The Bear's sparkling eyes turn to me. "Daddy!" she exclaims.
"And where do we fly?"
Our toddler dutifully points up. "Ky," she answers.
With the Warrior packed, The Bear strapped into her car seat, and Kristy sitting in back next to our daughter, we launch into the crisp clear April air. Moments after departure, we contact Rochester approach for flight following to Parkersburg, West Virginia. After more back and forth than usual, we are eventually plugged into the national airspace system so that radar facilities from New York to halfway across the country can keep a watchful eye on our progress.
As we fly southwest through New York, the landscape is uninspiring. It is a dead world below, with just a hint of green in some fields. The trees remain barren, reaching skeletal limbs skyward for want of warmth and sunlight. North of the Pennsylvania border, we fly over the Holiday Valley Ski Resort where snow still clings to the ski runs out of sheer defiance of the calendar.
We cruise at eight thousand five hundred feet. Rochester approach passes us to Buffalo. As we approach the Pennsylvania state line, we are switched to Cleveland Center. Fortunately, the initial confusion over our tail number with the Rochester controller appears to be resolved and each subsequent controlling agency has our correct information.
|The Allegheny Reservoir straddles the New York - Pennsylvania border.|
Dyslexia and a Risqué Navigational Beacon
Monitoring our progress on the sectional chart, I notice that a nearby VOR (VHF omnidirectional receiver) is the infamous "Broken Bra" VOR. I point this out to Kristy and hold the sectional chart over my shoulder for her to inspect (see below in the red box). At her quizzical look I suggest she speak the name of the VOR aloud. She does not give me the satisfaction, but rather sounds it out in her head and groans. I shrug, "hey, I didn't make it up."
After talking to Cleveland Center on a couple of different frequencies, we are switched to Youngstown approach and, eventually, Pittsburgh. We fly directly over Pittsburgh's Class Bravo airspace. The Pittsburgh controller reminds me of one who retired from the Kalamazoo tower a few years earlier who was possessed with a distinctive clear voice and an unrushed attitude. I miss hearing his voice on the radio.
|West Wheeling, WV|
With Pittsburgh dwindling behind us, we are back with Cleveland Center. Warrior 481 roughly parallels the Ohio River on the Ohio side. Within 30 minutes of our destination in Parkersburg, WV, we are switched to Indianapolis Center on 125.55 MHz.
Twenty eight miles out from Parkersburg, I notify Indy Center that we are beginning a descent.
"Roger, Warrior 481. Is this a brief stop? I show you going direct to Dekalb-Peachtree. Or is that just a typo?" Dekalb-Peachtree is a major airport (500+ operations per day) near Atlanta, Georgia. We are puzzled for a moment, then Kristy and I simultaneously remember the Rochester approach controller's penchant for aural dyslexia (the identifier for Parkersburg is PKB, Dekalb-Peachtree's is PDK).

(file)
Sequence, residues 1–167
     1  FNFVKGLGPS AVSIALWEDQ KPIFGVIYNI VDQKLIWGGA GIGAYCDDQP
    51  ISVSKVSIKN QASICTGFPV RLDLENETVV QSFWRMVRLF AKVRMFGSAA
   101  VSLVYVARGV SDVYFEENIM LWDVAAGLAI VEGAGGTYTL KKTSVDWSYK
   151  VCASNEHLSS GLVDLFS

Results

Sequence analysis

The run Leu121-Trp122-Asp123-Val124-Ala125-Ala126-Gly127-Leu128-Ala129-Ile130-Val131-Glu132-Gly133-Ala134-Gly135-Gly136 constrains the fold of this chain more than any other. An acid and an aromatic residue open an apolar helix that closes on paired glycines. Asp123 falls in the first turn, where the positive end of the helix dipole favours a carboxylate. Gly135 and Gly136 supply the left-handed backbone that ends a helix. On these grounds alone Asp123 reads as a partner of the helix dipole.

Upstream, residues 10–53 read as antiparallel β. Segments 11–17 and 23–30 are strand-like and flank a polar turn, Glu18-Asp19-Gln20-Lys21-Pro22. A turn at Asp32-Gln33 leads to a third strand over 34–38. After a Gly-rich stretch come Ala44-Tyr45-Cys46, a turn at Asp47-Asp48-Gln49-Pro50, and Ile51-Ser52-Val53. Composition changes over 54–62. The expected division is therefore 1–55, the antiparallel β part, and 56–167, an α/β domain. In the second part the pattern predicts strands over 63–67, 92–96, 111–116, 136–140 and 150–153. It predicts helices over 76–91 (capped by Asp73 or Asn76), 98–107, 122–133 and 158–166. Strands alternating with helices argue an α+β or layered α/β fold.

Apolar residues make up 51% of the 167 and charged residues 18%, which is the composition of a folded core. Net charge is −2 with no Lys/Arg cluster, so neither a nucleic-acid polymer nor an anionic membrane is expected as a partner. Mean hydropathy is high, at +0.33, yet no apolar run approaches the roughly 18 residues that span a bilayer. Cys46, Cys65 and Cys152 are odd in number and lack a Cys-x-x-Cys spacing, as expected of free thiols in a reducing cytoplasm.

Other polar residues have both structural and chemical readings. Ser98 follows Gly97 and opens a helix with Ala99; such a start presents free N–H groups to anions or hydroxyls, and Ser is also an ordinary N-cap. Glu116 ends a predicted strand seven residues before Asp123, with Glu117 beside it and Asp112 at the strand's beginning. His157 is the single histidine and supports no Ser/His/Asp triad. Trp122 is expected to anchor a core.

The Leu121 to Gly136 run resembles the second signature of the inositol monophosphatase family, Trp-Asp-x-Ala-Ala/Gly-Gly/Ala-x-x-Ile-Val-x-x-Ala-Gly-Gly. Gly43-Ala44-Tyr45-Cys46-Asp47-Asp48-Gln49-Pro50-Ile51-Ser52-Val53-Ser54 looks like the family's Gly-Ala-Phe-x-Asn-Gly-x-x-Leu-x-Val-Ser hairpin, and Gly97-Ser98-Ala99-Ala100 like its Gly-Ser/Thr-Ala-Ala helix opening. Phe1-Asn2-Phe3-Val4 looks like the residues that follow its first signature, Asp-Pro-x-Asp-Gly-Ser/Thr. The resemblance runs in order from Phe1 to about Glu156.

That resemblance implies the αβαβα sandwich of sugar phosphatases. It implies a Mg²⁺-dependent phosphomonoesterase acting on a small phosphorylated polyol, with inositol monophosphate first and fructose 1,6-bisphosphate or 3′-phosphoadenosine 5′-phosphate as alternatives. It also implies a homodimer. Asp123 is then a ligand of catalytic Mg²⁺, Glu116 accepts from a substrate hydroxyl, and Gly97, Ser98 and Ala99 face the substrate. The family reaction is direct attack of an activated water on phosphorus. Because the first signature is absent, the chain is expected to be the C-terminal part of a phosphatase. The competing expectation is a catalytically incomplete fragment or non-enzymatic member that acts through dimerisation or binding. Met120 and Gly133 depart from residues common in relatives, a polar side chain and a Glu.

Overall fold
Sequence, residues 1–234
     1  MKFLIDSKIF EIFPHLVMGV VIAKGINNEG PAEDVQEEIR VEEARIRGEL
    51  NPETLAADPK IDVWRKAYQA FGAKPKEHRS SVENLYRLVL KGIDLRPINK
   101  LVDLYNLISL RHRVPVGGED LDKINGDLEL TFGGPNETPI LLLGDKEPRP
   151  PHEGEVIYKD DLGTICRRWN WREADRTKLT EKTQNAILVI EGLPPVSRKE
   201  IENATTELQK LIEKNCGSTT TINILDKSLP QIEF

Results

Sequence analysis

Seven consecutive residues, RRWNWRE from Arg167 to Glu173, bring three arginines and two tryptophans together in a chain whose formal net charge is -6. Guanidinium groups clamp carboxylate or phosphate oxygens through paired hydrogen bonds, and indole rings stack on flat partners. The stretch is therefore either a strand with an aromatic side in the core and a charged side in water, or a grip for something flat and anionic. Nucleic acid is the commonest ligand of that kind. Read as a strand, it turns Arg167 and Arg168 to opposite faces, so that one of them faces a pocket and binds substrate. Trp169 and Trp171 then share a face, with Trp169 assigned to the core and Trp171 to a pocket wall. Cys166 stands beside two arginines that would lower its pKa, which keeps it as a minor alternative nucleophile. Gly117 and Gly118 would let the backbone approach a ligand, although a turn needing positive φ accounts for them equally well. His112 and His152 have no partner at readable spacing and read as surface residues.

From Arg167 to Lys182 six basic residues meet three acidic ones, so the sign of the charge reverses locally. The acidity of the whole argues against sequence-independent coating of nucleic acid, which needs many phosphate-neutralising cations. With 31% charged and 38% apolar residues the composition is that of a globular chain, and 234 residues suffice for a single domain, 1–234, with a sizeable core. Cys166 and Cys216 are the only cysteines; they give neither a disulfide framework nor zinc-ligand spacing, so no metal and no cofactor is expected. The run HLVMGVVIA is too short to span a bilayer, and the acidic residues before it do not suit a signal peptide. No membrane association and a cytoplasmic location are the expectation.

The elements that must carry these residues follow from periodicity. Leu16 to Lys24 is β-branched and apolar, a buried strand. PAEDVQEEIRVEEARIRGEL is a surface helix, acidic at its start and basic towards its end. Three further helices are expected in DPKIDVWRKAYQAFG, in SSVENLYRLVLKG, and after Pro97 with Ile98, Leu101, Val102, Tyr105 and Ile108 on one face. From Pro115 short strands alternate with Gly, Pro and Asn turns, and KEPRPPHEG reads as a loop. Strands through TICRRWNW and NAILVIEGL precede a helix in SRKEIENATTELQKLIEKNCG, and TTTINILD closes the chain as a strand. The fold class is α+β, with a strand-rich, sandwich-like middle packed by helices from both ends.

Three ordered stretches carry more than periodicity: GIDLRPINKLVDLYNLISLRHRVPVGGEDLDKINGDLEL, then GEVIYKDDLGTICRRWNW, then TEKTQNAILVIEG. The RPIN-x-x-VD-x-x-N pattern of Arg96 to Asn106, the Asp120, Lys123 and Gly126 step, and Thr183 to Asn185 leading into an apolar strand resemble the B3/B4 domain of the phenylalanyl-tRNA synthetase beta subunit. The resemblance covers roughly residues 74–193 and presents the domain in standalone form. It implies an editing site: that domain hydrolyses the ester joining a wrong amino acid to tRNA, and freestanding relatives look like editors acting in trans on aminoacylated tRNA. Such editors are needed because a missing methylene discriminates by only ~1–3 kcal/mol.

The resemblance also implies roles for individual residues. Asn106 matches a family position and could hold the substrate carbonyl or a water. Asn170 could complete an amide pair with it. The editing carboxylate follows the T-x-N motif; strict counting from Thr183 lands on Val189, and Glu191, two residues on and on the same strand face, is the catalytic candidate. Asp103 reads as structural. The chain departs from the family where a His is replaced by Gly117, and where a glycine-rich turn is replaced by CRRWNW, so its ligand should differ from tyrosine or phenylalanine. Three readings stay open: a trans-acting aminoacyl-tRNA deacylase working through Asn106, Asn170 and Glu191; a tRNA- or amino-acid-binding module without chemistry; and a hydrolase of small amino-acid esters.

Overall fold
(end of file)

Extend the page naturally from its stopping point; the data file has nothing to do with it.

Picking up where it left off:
"It's a typo," I respond.
"I thought so," the controller chuckles. "Will you be doing a gradual descent into Parkersburg or are you just stepping down to a lower altitude and leveling off?"
"Warrior 481 is doing a gradual descent. I have an infant on board."
"Very good," Indy Center replies approvingly. A few minutes later, the airport is in sight and we switch over to the Parkersburg tower. Absolutely nothing is happening at Parkersburg and we are soon cleared to land (below, photo by Kristy).
Before I can shut the engine down, Jerry from the Mid-Ohio Valley Regional Airport is waiting by our wing to chock the wheels. This is fortunate because the ramp is sufficiently sloped that we would have started rolling backward once I released the brakes. Jerry offers to refuel the airplane (we accept) and gives us directions to the restaurant, Mary's Plane View.
Mary's Plane View is located in the commercial air carrier terminal, an immaculate facility erected in 1976 whose architect clearly wanted it to appear "space aged". While such facilities tend to appear tired, dingy, and woefully dated in 2009, this one was in like-new condition; it literally sparkled. Sadly, it is underutilized. I learned from Jerry that commercial air traffic has significantly disappeared from Parkersburg over the years.
The restaurant is nicely decorated and inviting, featuring a menu with the obligatory aviation-themed names for each dish. Kristy and I order sandwiches. The Bear tries stealing french fries from my plate and I wonder when and how she learned about french fries. They are not a staple at home.
From our seats, we can easily see the windsock. It is twitchy; the wind direction is variable. "Tock!" The Bear exclaims proudly each time the sock moves. Aside from the skittish windsock, the only activity on the field is what appears to be a student pilot in a Cessna practicing stop and go landings.
I leave the table early to pay the fuel bill and encounter another pilot in the general aviation terminal.
"Awful day for flying, huh?" he begins the conversation with a classic opening.
"Oh yeah," I nod, playing along. "Awful visibility, turbulence...just lousy." We share a grin between kindred spirits and part company.